CCCCCC      Centered text
   LLLLLL      Left-justified text
   RRRRRR      Right-justified text

Format to suppress a field

   BBBBBB      Blank out the field (numeric or text)
               (used to blank out a field in a row or a total)


A report may or may not have rows of totals. These totals are the same statistics as for the other rows, except that they are calculated on all the valid cases of the break variable. By default the totals are not printed. To get totals, include a ‘*TOTAL’ command and a template. The template for the totals is given on one or more lines following a line beginning with ‘*TOTAL’ (which can be abbreviated to ‘*TOT’ or ‘*tot’). Such a template usually looks very much like the template for the other rows, except that category values and labels are not relevant. A template for totals that would match the BREAKVAR row template given above is the following:
                          -------     --------    --------
     Total                X,XXX.X     X,XXX.XX    XX,XXX.X

Notice that the first row of the template has some lines, to indicate the bottom of each column. The next line has the word "Total" and the same format strings as the template for the rows. The format strings are the only required elements, and they can be different from the formats for the other rows -- with a different number of decimal places, for instance. If you want some of the totals but not all, you can blank out the ones you do not want by using a special format string ‘BBBBBB’ (at least two B’s are necessary). For example, to print only the first and third totals in the example above, you would use the following command:
                          -------                  -------
     Total                X,XXX.X     BBBBBBBB     X,XXX.X


It is usually desirable to have some text at the top of a report and also at the bottom. To put text in those positions, use the ‘*HEADER’ and ‘*FOOTER’ commands, followed by the template or "picture" of what you want. For example, a header for a report could be as follows:


                                                    Page &page

                      Comparison of Groups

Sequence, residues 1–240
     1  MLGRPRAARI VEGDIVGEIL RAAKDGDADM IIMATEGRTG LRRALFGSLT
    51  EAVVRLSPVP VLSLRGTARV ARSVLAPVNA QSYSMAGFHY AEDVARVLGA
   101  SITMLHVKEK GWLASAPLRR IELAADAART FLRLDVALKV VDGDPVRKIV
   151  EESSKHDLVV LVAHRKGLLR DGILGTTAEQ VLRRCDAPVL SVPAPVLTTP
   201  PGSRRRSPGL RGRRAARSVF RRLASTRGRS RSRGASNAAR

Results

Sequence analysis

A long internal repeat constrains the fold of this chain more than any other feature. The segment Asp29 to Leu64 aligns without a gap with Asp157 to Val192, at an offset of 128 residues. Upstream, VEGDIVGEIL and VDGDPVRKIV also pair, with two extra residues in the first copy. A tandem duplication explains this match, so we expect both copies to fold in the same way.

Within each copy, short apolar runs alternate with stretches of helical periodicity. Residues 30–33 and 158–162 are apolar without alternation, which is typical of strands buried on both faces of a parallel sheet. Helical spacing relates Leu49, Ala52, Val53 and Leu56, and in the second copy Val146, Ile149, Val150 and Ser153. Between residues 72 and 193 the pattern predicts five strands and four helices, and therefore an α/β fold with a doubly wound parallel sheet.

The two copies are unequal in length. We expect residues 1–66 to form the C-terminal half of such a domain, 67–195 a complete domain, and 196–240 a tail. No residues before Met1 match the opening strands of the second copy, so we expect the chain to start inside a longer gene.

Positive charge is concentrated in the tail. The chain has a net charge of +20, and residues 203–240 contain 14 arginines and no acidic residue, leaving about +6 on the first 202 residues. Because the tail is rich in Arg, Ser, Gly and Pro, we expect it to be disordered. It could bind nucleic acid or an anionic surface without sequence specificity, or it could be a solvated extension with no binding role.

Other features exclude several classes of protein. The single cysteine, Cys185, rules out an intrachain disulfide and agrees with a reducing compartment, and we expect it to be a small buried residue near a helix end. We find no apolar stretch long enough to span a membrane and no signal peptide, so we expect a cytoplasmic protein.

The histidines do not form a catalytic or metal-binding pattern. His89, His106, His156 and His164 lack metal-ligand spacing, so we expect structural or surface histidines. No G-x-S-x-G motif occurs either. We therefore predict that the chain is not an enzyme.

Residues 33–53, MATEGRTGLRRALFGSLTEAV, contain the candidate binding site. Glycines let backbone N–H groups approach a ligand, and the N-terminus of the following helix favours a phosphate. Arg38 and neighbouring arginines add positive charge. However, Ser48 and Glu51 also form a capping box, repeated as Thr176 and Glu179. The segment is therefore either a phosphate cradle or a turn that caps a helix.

Mean        Std Dev      Mean
                            Age          Age      Education

      *(next command or end of file)

The template of the header includes any blank lines up to the next command or until the end of the command file. The text of the header will appear as is at the top of the report, except for the substitution of the value of ‘&page’, which is the page number. A footer can also be specified in the same way as the header. One possible footer is the following:

     *FOOTER everypage

     Report printed on &date
     Weight variable: &weight
     Filter variable: &filter

     *(next command or end of file)

The substitution variables that can be included in the template for a header or a footer are given in the following list. The names can be given in either upper or lower case, and some names can be abbreviated. The minimum required name is given below in upper case; the characters in lower case are optional and are ignored by the program. References to INDIVIDUAL variables, however, are sensitive to case -- ‘&a’ refers to a different variable than ‘&A’.

     &DATE     Current date, in form: July 15, 1993
     &PAGE     Page number within the report

     &NAME     Name of the break variable
     &LABel    Long label of the break variable

     &FILter   Name of filter variable(s) and codes
     &WEIght   Name of the weight variable

     &DATA     Name of ascii data file(s) used as input
     &DDL      Name of DDL file

     &a        Name of variable referred to as ‘&a’
               (if &a=age, the string ‘age’ will be substituted)